This report appeared in the December 1926 issue of ‘Motor Sport‘ of a Sporting and Classification Trial held by the Liverpool M.C in North Wales starting from Chester. This trial shows that the riders by even today’s standards rode for a considerable distance on machines that today many would be surprised to find out how versatile these machines were.
So after a great xmas you are all tooled up… leather driving gloves from the sister in law, Top Gear aftershave from the kids and a Barbour manbag from the wife… as the novelty wears off why not treat yourself, if you have not already to Deryck Wylde’s great issue fourteen of OFF ROAD REVUe which is now online. Unique and notable articles is a feature on the post war Welsh ISDT events and as with anything coming from Deryck the images are not only great a number are originals unlikely to have been seen before.
The Bwlch y Groes (Pass of the Cross) and its side road Bwlch Eunant probably have a history as a road that lies back in the dark days long before things were ever thought of being recorded as existing. The road summit at 545m, (1788ft) is often claimed to be the highest public road in Wales, however, as far as surfaced roads go, that honour is held by the Bwlch yr Efengyl (Gospel Pass) 549m, (1801ft) in the Black Mountains of South East Wales also used by the ISDT in Wales although its approach is not as steep as the Bwlch y Groes. The unsurfaced Bwlch Llandrillo in the Berwyns, also used in the ISDT, crosses the 580m 2000ft contour at the summit of the pass. The ISDT, when on the Bwlch y Groes, never crossed the high summit as detoured to travel to Bala via the gnarly old tracks through the Euanant and Hirnant valleys. History paints a picture of the route being in use by religious travellers passing between the early Celtic Christian sites and the many Monasteries, Abbeys, Friaries and Priories the church of Rome had established at Welshpool, Llangollen, Llanrwst, Holywell, Flint, Denbigh, Llaneltyd before the reformation. But it was mostly motorsport rather than tourism that rediscovered the opportunities the then many unsurfaced road provided in the early development of motoring on public roads.
The mission of SpeedTrackTales is not just to capture as a record the history of the people the bikes and places of the International Six Days Trial. It is also important we learn of, and reflect on the social and cultural conditions of those times that contributed to both the development of the sport of Reliability Trials and its evolution to be renamed Enduro as well as the history of land access and the impact of the modernisation of highways and land management during the era. In many cases the sports happily co-existed with local people going about their own daily business.
The road twists and turns all over the place, and it seemed to be full of country folk shepherding home animals from Corwen market.
For this article reproduces an article written and published in the weekly ‘Motor Cycling‘ 28 November 1934. The article is a test of two models of Triumph the 5/5 and the Twin models for 1935. The test compromised of a tour around North Wales, but in particular it took in the classic roads in regular use by the ISDT and reliability trials of the time such as ‘the Reliance Trial’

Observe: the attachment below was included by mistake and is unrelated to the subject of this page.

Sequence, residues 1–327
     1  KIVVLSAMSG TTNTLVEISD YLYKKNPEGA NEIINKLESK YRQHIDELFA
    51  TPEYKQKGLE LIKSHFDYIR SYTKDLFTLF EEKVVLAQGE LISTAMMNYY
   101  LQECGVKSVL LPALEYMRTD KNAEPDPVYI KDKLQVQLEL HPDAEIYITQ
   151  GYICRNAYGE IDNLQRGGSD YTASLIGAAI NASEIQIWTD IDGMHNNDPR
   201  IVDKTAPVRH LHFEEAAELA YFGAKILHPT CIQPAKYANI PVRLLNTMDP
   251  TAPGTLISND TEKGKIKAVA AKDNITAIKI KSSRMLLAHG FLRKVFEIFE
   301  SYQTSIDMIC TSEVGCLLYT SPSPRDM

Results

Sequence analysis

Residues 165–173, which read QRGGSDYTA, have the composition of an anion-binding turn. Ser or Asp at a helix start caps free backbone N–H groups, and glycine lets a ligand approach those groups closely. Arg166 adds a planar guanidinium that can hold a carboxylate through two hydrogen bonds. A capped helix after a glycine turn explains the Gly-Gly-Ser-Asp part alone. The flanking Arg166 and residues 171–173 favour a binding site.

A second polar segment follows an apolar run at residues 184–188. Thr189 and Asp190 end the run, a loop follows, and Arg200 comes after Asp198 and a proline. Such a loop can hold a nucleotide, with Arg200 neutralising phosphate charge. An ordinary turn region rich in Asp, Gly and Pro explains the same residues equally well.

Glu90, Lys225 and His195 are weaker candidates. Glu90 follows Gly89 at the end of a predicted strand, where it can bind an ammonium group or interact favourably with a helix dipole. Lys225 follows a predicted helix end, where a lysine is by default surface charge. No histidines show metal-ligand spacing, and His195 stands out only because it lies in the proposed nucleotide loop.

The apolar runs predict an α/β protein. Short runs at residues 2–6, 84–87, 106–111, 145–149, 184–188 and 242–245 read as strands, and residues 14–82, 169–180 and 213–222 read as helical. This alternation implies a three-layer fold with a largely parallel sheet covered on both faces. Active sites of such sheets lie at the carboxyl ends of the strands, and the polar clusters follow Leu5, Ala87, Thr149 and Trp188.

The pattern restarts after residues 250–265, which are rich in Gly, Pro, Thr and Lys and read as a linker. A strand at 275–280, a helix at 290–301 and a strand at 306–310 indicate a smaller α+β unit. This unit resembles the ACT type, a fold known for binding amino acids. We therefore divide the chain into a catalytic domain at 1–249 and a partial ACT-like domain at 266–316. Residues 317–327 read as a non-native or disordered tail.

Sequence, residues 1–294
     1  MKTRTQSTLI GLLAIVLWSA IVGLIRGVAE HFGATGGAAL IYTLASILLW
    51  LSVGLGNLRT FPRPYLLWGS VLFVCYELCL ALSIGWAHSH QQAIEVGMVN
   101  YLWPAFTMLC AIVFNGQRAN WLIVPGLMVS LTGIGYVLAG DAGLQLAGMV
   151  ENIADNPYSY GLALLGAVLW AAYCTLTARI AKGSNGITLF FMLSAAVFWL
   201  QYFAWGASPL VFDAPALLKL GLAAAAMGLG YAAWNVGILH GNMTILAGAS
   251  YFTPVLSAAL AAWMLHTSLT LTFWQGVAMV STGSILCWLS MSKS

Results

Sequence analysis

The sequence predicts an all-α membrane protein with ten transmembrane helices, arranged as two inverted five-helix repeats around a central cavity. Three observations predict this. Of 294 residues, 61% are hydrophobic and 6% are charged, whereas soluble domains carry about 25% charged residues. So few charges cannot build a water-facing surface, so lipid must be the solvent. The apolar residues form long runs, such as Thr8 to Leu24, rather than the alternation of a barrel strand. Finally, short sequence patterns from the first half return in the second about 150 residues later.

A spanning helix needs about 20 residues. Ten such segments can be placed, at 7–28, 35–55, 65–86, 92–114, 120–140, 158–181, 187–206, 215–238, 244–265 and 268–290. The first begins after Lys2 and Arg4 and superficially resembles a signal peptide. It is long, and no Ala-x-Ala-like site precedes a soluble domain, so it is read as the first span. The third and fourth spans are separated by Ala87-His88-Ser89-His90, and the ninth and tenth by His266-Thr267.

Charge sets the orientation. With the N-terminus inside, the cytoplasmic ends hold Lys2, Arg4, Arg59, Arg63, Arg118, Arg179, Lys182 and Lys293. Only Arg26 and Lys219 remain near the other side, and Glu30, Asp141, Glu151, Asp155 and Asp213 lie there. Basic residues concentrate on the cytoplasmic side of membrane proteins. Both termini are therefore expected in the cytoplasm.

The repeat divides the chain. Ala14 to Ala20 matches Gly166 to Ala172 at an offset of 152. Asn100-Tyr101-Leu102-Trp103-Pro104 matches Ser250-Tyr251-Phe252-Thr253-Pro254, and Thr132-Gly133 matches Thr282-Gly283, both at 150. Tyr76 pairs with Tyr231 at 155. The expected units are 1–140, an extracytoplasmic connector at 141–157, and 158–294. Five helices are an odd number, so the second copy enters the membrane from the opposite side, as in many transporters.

Early on Wednesday morning we were skirting Bala Lake and heading for Hirnant Pass, en route for Lake Vyrnwy. The lane we traversed were shockingly surfaced. It was an endless procession of large culverts, cart ruts, slimy mud, rocks and everything else imaginable.
It is clear that by 1934 the area was very familiar to many in the Motorcycle industry as a place to both test Motorcycles and to undertake adventure tours by motorbike. It goes without saying to do this motorbikes were required to be reliable and handle well where road surface conditions were still poor. Places like the Bwlch y Groes, Eunant Pass and the Allt y Badi regularly feature in both test articles and event reports.
Long, gruelling climbs made no difference, either. Taking the Eunant Pass from Lake Vyrnwy,” we climbed another 1,000feet, which brought us out near the top of the famous Bwlch-y-Groes.
The article, coincided with the holding of the annual ‘Reliance Trial’ in the North East Wales area, the report for this event can be found here.
I can recall whilst out trail riding in the Clwydian Hills in my teens during the late 70’s when one of the old blokes pointed into a hedge (they said it was a track, but you could not get into it to stand and look.. it was a hedge) and that once the ISDT had gone up there…. I knew the event and it filled my head with images of far off exotic trails in wild forests. I had never even heard of the ISDT in Wales although I knew that once the Tour of Wales Enduro had come these ways it had not done so for years, the only active local off road competition were the Scrambles at Bodfari, the Fosters Cup an observed trial run by the South Liverpool Club and local observed trials organised by the Denbigh and Mold MCC. Even so that story stuck in my head and everytime i drive past this hedge I think the ISDT went there once.